What are the Limits of the New Apple Watch?
- This week, it was announced that the new Apple Watch will allow women to track their ovulation.
- Reproductive cancers like ovarian cancer and cervical cancer should be screened for by a doctor, NOT a watch say every expert we consulted.
- People fighting cancers that affect the reproductive system – i.e., testicular cancer, ovarian cancer, cervical cancer – may consider freezing their sperm or their eggs if they wish to have a family, as some cancer treatments damage fertility.
ABC reports that “among the Apple Watch Series 8’s advanced features is a temperature sensor that offers an estimate for the last time a woman wearing the watch has ovulated.”Read More
Understanding Ovarian CancerOvarian cancer has been called “the cancer that whispers,” due to its hard-to-detect symptoms. Dr. Beth Karlan, a gynecologic oncologist at UCLA Medical Center, explains in an earlier interview, “What we’ve found from multiple studies, it’s this constellation of symptoms,” she said. “If that’s really happening and you’re experiencing it every day, and they seem to be crescendo-ing, getting worse, even if that goes on for only two weeks, you should call your doctor.”
Ovarian cancer symptoms may include:
- Feeling full earlier/decrease in appetite
- Feeling bloated
- Changes in bowel habits
- Pain in the pelvis
- Urinary symptoms, such as an urgent need to go
- Extreme fatigue
- Abdominal swelling
- Pain during sex
Ovarian Cancer: The Cancer That Whispers
Understanding Cervical Cancer
Cervical cancer is detected via a pap smear test, which looks for early signs of cervical cancer.
Nurse Practitioner Barbara Dehn explains to SurvivorNet in a previous interview, “Many women think that a Pap smear checks for ovarian cancer, but it doesn’t. Pap smears detect only cervical cancer, not all gynecologic cancers. In fact, there is no test that detects ovarian cancer in its earliest stages, which is why two-thirds to three-quarters of women are diagnosed at a later stage, when the disease has spread to nearby tissues and organs.”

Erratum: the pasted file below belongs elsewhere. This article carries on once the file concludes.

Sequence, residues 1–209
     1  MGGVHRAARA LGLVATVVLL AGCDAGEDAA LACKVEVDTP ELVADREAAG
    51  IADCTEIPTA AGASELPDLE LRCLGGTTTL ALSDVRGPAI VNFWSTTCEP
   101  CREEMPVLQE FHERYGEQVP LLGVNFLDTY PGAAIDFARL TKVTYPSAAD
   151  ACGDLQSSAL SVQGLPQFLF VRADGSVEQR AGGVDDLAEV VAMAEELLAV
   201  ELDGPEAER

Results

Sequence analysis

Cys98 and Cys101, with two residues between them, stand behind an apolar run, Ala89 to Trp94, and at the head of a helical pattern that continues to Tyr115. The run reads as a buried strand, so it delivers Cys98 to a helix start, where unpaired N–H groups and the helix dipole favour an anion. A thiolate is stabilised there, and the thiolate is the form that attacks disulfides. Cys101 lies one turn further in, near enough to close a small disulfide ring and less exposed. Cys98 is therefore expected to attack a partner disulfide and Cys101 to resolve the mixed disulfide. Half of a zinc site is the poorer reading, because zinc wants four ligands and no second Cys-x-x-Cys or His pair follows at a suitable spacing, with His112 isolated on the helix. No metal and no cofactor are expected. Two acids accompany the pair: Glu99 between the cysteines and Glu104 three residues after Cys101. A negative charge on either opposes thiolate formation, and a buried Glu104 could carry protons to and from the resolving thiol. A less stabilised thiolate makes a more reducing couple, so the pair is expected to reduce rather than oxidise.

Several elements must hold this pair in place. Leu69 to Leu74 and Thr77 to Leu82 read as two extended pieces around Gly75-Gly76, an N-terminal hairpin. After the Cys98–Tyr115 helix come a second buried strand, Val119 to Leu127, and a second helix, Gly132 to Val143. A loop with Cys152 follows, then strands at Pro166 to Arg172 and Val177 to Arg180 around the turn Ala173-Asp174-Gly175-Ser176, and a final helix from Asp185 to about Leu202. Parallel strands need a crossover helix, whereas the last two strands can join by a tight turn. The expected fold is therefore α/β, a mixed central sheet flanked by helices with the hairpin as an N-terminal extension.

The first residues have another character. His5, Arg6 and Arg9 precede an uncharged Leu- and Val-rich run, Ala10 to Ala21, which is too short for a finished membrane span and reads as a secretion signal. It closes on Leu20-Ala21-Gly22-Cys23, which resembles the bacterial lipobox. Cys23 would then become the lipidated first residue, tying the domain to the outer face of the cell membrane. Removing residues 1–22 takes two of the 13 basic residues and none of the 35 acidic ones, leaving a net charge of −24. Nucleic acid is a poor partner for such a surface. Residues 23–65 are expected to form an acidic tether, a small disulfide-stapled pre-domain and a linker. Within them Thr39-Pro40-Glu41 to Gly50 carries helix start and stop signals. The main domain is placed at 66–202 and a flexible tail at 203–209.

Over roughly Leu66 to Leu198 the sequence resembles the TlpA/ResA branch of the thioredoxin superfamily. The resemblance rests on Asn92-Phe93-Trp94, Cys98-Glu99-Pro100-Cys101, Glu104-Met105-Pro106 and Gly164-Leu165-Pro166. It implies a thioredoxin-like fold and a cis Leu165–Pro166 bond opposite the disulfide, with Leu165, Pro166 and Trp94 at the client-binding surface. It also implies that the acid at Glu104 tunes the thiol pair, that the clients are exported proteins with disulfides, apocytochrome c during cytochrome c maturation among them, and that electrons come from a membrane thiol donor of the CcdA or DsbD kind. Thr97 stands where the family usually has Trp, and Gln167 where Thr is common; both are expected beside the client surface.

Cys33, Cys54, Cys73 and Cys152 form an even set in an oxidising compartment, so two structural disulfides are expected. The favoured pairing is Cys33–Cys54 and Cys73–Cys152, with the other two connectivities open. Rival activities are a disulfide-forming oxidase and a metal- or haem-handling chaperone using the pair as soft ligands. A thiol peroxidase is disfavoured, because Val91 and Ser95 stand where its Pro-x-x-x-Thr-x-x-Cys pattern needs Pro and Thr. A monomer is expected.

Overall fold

Every year in the U.S., approximately 14,480 women will be diagnosed with cervical cancer. And nearly a third of women diagnosed will pass away from this disease. Getting pap smears to detect for cervical cancer is critically important because an earlier diagnosis may mean a better prognosis and broader treatment options. Cervical cancer treatments may include surgery, radiation, and chemotherapy.
Cervical Cancer Survivor, Hannah Park, Was Shocked After Her TikTok Video Went Viral. “I Never Expected Anything Like That to Happen at All.”
Fertility & Cancer
Many people fighting cancers that affect reproductive parts (i.e. cervical cancer, ovarian cancer, testicular cancer), chose to freeze their eggs or their sperm as a way to preserve their fertility prior to cancer treatment. Some cancer treatments can damage fertility, so it’s a preventative measure for people who may want to have children.
In a previous interview, Dr. Jaime Knopman, a reproductive endocrinologist at CCRM NY, tells SurvivorNet that time is of the essence when it comes to fertility conversations with your doctor. She says, “The sooner we start, the sooner that patient can then go on and do their treatment. A lot of the success comes down to how old you are at the time you froze and the quality of the lab in which your eggs or embryos are frozen in.”
“Oftentimes, we just do what we call a ‘fast start,’” says Dr. Knopman. “We start them no matter where they are in their menstrual cycle. Because of that, it can sometimes take a bit longer than it would for traditional IVF stimulation. But all in, you’re never really talking about more than two weeks.”
Fertility Preservation After a Cancer Diagnosis
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